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|Title:||Evaluation of a trial of an e-health promotion course aimed at Australian tertiary music students|
|Publisher:||University of Sydney|
Sydney Conservatorium of Music
|Abstract:||ABSTRACT Playing a musical instrument is an inherently risky occupation. Student musicians face high levels of competition and must practice long hours each day to constantly refine their technique and musical expression. This puts them at high risk of physical and psychological strain. Despite this, student musicians are essentially left to their own devices to manage their health. A review of the literature pertaining to student musicians shows high levels of playing-related injury and poor psychological health. The Australian Learning and Teaching Council has awarded a $220 000 grant to address occupational risk factors for performance-related health shortfalls in Australian musicians. This has been used to develop a web-based health promotion course aimed at tertiary music students, written by experts in the field of performing arts medicine. The aim of this thesis was to evaluate the effectiveness of this course in a group of elite student musicians at the Australian National Academy of Music (ANAM). This was done through the use of 2 questionnaires to evaluate Playing-Related Musculoskeletal Disorders (PRMDs) and psychological health. Qualitative feedback was also sought from participants. 25 students completed the questionnaires initially. 88% of the participants reported a current PRMD. A significant number of participants also reported moderately or higher levels of depression, anxiety and stress symptoms. Students reported to be in strong favour of institutionalising a health promotion course related to their music performance. Participation in the web course was very low, with only 4 students completing the course. Organisational, timing and accessibility issues were cited as contributing to this. However, it was postulated that these issues relate to a culture of neglect with regard to performance-related physical and mental health. This study has added to the growing body of literature that has identified the need for music institutions to take a proactive and holistic approach to preventing performance related injuries and preparing students physically and mentally for peak musical performance|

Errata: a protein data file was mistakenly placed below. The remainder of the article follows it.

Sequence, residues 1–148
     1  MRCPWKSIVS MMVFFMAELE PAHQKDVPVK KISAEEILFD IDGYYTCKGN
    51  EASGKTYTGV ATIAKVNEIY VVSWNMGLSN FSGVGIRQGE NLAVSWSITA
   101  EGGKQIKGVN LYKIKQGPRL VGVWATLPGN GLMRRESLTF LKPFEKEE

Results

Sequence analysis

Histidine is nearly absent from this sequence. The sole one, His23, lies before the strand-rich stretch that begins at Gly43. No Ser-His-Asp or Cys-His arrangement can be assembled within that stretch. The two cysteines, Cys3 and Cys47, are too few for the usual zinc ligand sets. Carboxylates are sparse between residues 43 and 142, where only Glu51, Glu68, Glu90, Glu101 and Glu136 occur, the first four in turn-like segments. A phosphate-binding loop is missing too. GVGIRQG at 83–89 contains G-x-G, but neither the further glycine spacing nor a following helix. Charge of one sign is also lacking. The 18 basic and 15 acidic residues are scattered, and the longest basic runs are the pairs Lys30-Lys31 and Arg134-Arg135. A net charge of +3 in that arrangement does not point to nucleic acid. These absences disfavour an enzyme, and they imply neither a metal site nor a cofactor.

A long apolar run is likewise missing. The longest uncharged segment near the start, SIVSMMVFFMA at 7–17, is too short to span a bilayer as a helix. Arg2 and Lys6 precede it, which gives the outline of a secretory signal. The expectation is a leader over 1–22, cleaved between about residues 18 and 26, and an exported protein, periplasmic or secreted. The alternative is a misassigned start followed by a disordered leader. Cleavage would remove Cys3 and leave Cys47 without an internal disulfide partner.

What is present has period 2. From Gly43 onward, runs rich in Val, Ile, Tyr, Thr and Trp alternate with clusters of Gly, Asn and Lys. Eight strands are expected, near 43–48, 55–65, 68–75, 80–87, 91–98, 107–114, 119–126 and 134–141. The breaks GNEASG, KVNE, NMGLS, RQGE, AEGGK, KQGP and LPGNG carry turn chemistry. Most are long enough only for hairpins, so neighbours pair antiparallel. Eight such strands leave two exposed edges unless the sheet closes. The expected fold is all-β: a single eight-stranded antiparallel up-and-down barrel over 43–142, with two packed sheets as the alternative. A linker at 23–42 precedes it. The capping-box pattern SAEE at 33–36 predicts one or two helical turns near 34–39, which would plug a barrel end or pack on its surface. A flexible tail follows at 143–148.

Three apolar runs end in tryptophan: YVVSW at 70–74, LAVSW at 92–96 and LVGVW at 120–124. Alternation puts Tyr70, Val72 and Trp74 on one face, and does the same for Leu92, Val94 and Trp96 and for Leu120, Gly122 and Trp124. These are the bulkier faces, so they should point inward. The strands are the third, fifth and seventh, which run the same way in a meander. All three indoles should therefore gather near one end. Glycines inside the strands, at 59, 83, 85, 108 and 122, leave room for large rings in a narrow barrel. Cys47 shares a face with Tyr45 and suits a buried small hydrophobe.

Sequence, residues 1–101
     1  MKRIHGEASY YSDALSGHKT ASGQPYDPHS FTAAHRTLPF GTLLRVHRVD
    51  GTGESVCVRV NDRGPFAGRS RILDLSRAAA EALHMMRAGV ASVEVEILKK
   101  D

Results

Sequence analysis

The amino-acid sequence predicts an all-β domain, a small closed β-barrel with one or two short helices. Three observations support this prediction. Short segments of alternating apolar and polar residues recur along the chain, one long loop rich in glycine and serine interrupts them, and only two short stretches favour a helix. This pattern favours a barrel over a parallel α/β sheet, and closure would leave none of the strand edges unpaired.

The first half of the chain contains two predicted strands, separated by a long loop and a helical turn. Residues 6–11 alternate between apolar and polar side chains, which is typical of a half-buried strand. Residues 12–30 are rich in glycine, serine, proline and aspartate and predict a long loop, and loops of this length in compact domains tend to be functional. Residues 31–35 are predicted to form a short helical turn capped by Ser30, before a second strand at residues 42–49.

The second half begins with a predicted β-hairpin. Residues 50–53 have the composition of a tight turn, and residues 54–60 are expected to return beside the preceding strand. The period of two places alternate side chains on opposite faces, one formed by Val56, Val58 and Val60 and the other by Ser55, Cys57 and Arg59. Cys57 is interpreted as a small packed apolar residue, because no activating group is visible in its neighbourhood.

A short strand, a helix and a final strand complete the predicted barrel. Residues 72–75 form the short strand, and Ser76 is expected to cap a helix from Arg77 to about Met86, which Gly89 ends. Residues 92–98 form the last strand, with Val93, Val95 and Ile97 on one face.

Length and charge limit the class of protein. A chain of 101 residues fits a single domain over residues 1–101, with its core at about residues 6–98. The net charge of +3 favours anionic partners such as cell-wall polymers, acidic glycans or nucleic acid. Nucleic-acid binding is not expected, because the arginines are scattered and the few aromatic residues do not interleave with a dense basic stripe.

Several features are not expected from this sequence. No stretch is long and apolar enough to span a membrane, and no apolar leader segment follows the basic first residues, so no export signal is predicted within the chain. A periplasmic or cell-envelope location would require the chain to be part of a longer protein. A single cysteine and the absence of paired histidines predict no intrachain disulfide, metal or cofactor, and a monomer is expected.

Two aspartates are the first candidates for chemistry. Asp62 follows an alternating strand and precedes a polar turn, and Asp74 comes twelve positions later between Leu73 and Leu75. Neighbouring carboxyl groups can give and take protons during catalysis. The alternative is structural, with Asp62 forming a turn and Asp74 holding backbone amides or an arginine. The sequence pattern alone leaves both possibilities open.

|Rights and Permissions:||The author retains copyright of this thesis. It may only be used for the purposes of research and study. It must not be used for any other purposes and may not be transmitted or shared with others without prior permission.|
|Type of Work:||Masters Thesis|
|Type of Publication:||Master of Music M.Mus.|
|Appears in Collections:||Sydney Digital Theses (Open Access)|
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|Ingle, Michael - Final thesis.pdf||1.56 MB||Adobe PDF||View/Open|
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